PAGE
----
Also known as the Butternut or the White Walnut, J Cinerea comes from the US but is in serious trouble there from a disease known as Butternut Canker (Sirococcus clavigignenti-juglandacearum. This is not a native disease in the US and was first observed in Iowa in 1967, though it's believed to have spread from the southeastern coastal region. The age of the oldest cankers found suggests that it first appeared there around 40-50 years ago.
Although there are research efforts trying to find resistant specimens and to find a control for the disease, it may be too late to save the species in North America. Even as far back as 1995, the Forest Service estimated that 77 percent of Cinerea trees in the Southeast were dead. Indeed new grafted plants on J Regia roots are going back there from the UK and Europe in a reversal of the trade in vines after the 19th century phylloxera epidemic, but it is much too early to know whether these trees will demonstrate useful resistance. There is further information here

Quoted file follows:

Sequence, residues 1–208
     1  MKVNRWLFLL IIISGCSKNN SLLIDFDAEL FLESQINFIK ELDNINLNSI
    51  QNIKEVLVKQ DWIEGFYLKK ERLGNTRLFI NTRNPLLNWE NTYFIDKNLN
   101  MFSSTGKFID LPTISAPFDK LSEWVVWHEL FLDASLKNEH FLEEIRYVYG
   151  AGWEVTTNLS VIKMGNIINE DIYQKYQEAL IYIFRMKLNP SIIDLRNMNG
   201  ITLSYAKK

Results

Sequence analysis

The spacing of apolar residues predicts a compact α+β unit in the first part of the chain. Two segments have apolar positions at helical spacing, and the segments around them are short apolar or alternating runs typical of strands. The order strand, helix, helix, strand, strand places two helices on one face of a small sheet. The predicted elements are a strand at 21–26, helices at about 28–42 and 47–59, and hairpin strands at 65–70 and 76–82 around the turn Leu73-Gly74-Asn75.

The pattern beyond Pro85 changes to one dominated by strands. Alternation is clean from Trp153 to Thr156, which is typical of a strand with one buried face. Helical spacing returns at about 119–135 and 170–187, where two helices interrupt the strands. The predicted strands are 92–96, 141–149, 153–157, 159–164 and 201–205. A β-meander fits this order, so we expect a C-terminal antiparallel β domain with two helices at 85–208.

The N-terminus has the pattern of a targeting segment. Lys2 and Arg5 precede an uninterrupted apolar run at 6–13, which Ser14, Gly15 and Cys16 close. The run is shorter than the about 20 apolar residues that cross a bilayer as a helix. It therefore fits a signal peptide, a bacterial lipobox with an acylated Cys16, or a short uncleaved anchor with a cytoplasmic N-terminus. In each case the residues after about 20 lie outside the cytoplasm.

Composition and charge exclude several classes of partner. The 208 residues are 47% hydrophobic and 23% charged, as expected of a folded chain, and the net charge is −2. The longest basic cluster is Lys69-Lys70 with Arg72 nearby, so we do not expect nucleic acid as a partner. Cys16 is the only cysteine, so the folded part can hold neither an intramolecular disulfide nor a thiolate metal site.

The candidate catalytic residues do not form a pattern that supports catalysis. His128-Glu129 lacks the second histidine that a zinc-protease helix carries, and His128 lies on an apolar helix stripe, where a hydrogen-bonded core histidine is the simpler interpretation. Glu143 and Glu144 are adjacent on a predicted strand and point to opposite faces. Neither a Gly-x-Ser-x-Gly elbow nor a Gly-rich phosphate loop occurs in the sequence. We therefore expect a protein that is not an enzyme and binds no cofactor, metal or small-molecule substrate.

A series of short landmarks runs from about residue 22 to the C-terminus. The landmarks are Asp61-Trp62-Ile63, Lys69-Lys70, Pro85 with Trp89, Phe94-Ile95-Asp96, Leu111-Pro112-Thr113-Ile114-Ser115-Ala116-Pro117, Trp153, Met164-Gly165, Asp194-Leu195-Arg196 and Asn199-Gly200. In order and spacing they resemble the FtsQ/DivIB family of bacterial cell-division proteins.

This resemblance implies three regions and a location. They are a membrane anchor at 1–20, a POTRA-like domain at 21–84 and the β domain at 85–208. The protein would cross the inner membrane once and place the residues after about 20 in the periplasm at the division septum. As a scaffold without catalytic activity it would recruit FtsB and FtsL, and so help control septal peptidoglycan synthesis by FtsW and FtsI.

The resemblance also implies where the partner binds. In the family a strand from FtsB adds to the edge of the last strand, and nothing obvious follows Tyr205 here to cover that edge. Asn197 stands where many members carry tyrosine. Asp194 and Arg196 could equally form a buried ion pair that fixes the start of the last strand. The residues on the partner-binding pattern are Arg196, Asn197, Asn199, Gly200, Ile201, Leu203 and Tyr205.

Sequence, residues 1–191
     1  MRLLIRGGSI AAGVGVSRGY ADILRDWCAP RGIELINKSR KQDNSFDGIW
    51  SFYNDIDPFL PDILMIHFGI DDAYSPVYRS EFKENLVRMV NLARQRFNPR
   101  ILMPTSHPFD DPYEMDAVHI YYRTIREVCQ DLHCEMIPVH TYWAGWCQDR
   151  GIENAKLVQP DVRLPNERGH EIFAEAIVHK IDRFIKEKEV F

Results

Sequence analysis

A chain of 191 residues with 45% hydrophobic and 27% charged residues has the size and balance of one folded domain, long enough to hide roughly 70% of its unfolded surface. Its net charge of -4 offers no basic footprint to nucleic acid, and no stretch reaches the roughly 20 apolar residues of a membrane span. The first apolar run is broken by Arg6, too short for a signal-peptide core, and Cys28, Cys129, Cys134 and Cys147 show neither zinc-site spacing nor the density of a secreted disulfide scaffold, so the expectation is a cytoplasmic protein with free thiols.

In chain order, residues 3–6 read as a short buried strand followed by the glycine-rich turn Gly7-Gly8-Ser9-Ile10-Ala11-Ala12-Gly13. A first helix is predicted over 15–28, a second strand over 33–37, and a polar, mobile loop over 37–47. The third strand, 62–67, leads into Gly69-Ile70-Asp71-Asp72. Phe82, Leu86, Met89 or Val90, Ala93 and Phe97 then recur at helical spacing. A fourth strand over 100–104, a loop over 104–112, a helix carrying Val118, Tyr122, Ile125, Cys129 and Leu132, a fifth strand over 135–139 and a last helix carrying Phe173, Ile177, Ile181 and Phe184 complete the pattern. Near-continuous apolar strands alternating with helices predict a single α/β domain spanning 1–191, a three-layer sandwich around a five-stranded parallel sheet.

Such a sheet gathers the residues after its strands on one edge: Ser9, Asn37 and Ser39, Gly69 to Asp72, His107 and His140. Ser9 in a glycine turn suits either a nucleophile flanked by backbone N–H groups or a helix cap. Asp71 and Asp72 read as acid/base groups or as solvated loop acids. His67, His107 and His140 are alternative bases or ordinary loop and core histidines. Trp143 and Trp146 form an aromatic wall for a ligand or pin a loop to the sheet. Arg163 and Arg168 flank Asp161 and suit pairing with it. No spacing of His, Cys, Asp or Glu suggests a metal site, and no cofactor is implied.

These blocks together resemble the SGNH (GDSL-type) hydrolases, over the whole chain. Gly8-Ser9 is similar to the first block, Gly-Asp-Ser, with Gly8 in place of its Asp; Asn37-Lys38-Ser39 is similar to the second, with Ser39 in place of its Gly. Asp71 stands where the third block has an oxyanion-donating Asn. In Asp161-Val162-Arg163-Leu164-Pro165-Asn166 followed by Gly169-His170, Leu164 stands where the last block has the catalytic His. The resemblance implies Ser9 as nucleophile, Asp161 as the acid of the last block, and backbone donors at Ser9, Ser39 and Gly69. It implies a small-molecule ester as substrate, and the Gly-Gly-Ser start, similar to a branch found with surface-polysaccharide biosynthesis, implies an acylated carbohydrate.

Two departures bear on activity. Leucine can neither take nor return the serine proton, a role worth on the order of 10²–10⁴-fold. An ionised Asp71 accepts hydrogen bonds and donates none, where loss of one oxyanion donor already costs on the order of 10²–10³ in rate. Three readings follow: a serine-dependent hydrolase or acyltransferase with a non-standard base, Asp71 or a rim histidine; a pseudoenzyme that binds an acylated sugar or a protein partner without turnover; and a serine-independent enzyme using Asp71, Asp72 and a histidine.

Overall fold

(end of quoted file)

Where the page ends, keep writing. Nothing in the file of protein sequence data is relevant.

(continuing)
As a tree, Cinerea is valued for its sheer size and its hardiness and the timber was much used in carving and furniture. It was common for Cinerea to planted on farmsteads, close to the house. Nut kernels were used in baking, and the husk was often used to dye fabrics. In the American Civil War, Confederate uniforms were dyed using butternut husks.